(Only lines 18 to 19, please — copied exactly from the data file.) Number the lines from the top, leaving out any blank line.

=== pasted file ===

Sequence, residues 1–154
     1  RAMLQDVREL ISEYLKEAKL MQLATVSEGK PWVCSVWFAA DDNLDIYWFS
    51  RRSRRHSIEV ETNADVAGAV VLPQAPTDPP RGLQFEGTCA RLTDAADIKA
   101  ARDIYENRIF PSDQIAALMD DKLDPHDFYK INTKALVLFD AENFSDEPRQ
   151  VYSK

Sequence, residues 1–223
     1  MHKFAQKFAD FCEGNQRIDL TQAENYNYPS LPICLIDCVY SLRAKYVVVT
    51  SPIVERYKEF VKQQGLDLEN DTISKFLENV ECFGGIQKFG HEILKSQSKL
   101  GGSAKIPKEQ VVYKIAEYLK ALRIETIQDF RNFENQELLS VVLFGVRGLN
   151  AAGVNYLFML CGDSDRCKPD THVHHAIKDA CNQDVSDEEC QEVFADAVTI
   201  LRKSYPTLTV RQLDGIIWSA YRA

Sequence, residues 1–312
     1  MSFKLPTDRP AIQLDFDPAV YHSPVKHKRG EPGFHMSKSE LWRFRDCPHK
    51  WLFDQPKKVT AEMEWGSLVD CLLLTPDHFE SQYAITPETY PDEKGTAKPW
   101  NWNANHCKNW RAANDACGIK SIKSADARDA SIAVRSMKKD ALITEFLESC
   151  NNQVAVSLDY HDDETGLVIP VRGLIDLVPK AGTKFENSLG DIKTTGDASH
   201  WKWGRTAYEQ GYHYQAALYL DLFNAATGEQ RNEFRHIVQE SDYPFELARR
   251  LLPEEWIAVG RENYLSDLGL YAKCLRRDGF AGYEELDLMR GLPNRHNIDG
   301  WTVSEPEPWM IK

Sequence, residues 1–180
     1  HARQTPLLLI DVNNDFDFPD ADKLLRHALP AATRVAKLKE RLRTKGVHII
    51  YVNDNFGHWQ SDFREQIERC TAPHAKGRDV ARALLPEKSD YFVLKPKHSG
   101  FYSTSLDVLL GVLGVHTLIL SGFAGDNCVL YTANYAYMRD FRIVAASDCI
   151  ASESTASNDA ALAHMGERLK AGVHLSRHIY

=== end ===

   251  LLPEEWIAVG RENYLSDLGL YAKCLRRDGF AGYEELDLMR GLPNRHNIDG
   301  WTVSEPEPWM IK